Finally Picking It Up Off the Shelf

If you were to ask me about the books on my bookshelves at home, you would find that about a quarter of them are unread. Any book-lover no doubt has the same issue. The library was having an ever-so-tempting books sale, half-priced books were calling your name, you "accidentally" emptied your Amazon shopping cart after having that extra glass of wine last night. That book you really want gets added to the pile of other books you really want to read. It's the plight of every book-lover: too many books, never enough time. Or maybe there's another reason that you haven't read that book on your bookshelf. I received a book two years ago from a friend. I was very appreciative, but put it on my bookshelf and there it sat for almost two years. The book was H Is for Hawk by Helen MacDonald. It was a New York Times Bestseller, on more than 25 Best Book of the Year lists, and got amazing reviews. I frequently found myself looking for a book to read, looked at H is for Hawk sitting patiently Keep Reading

What I Learned This Fall

The Christmas lights are twinkling and Santa is scaring small children at every mall in America, but the winter solstice is still more than two weeks away. I have found myself stressed out for no particular reason more and more frequently, so I've decided to pause and think about things that make me happy and things I've learned this fall. I'm linking up with Emily P. Freeman to pause, reflect, and share what I've learned this fall. Here are 6 things I've learned this fall... What Miso Looks Like  I recently found a delicious looking recipe for Miso Chicken Soup in a magazine and thought I could replicate it. The recipe called for several tablespoons of miso. As I made out my grocery list, I realized I had never seen miso before. What did miso look like? I knew I had eaten miso in soups before, but I had no idea what it looked like. Was it a liquid? Was it a solid? I didn't know. Luckily, it wasn't too hard to find in the refrigerated section at the grocery store. It's actually Keep Reading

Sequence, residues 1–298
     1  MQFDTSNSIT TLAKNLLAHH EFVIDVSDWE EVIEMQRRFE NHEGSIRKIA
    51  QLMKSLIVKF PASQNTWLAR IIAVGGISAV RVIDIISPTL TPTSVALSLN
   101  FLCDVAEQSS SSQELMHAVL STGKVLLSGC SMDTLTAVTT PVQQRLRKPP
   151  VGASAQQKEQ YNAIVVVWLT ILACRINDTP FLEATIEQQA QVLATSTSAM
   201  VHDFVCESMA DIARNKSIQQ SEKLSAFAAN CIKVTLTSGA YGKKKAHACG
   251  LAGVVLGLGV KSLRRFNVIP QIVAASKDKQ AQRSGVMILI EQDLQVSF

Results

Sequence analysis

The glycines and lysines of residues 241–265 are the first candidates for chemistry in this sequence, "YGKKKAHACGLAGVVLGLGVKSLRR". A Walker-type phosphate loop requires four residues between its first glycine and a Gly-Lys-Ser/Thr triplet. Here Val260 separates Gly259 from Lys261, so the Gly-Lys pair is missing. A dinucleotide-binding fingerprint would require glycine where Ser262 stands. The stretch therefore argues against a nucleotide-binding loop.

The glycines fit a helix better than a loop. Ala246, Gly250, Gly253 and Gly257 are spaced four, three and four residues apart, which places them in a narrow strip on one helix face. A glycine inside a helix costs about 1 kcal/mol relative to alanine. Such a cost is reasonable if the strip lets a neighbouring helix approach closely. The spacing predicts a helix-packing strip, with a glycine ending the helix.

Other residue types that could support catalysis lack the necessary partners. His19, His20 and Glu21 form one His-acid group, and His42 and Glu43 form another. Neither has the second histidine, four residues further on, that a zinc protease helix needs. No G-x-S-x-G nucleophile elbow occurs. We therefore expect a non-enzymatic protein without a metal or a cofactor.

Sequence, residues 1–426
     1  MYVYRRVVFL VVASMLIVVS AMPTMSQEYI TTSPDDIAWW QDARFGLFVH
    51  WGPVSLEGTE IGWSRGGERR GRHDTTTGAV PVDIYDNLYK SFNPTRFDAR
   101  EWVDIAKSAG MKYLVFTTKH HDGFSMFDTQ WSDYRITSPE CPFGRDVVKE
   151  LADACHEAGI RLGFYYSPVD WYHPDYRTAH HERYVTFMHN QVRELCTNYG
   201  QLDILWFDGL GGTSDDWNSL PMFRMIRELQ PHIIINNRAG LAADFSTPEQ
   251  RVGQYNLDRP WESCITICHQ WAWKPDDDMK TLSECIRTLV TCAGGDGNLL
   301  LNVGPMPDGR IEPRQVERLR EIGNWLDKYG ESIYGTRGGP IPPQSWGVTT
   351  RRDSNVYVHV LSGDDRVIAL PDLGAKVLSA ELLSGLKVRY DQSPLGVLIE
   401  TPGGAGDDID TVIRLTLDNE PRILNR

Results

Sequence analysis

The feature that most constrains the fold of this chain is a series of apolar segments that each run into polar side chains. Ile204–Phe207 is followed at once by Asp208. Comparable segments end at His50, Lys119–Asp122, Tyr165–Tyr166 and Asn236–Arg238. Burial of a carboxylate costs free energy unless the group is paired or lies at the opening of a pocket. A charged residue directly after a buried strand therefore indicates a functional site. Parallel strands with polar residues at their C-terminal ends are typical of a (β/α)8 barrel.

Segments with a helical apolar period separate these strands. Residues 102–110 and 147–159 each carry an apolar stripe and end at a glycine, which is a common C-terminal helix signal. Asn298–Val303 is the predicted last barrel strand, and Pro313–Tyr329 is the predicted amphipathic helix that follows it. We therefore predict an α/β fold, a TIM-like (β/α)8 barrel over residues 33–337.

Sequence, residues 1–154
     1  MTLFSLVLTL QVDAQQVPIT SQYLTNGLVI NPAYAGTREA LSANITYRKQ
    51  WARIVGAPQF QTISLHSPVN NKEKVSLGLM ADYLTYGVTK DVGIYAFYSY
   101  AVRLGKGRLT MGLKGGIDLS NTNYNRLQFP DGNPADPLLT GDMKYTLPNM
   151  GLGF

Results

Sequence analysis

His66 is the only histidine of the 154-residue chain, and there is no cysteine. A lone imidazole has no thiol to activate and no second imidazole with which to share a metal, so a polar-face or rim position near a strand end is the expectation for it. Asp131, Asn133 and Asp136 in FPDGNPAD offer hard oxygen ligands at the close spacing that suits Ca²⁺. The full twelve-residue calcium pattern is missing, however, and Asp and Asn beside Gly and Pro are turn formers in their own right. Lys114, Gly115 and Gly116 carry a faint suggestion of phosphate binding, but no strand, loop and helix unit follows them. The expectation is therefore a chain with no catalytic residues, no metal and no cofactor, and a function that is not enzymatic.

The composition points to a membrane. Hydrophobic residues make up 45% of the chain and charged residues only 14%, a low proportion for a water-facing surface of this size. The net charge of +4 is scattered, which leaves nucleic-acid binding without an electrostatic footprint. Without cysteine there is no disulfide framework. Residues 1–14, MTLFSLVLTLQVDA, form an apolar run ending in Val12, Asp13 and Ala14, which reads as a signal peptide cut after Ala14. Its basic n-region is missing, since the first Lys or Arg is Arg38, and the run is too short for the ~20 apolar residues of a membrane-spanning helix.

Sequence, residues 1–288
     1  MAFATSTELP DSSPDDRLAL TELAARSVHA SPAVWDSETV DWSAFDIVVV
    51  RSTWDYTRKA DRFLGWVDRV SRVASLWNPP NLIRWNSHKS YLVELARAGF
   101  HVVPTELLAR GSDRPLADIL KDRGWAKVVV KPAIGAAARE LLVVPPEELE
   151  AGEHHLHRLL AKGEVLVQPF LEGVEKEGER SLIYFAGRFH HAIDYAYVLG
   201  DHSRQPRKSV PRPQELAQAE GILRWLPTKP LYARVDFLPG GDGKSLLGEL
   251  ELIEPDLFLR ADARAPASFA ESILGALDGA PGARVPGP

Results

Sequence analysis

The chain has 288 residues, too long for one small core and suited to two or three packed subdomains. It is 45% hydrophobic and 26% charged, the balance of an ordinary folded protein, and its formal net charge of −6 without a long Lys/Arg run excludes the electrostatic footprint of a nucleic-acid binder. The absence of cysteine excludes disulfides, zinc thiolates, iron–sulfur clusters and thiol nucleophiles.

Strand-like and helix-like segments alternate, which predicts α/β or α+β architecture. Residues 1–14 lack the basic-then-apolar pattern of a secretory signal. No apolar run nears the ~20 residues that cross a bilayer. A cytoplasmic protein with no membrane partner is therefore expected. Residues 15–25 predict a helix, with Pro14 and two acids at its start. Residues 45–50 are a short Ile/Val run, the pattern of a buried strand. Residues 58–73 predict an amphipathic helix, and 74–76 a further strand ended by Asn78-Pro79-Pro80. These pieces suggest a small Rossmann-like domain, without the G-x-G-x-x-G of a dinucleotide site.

I Can’t Believe You’ve Never Read That!

If you have ever had any length of a conversation with me, seen me in the waiting room of a doctor's office, passed by me while my kids are playing in the park, sat next to me at a stop light, or peered in my bedroom window at night (creeper!), you probably know that I love to read. I always bring a book with me wherever I go just in case I have a spare second to read. I've read books for school (high school, college, and graduate school) and I've read countless books for pleasure. Then I began teaching English and started reading books for work. I've lost count of the books I've read. But when talking with a fellow bibliophile about our literary conquests I've often gotten the response, "I can't believe you've never read that!". As a voracious reader and former English teacher, I feel a responsibility to have read every notable book out there. Why is that? Should I have read Moby Dick instead of The Buenos Aires Broken Hearts Club? Should I have read Jane Austen instead of rereading Keep Reading